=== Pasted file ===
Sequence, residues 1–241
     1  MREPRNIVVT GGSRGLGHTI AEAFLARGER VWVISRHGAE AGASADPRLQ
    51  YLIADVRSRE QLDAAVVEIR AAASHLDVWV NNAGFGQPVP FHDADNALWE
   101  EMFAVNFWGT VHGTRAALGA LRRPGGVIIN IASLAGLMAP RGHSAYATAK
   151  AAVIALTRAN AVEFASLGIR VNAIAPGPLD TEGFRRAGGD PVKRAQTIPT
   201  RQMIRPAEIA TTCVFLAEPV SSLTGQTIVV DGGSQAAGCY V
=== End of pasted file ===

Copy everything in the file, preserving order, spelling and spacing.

Sequence, residues 1–241
     1  MREPRNIVVT GGSRGLGHTI AEAFLARGER VWVISRHGAE AGASADPRLQ
    51  YLIADVRSRE QLDAAVVEIR AAASHLDVWV NNAGFGQPVP FHDADNALWE
   101  EMFAVNFWGT VHGTRAALGA LRRPGGVIIN IASLAGLMAP RGHSAYATAK
   151  AAVIALTRAN AVEFASLGIR VNAIAPGPLD TEGFRRAGGD PVKRAQTIPT
   201  RQMIRPAEIA TTCVFLAEPV SSLTGQTIVV DGGSQAAGCY V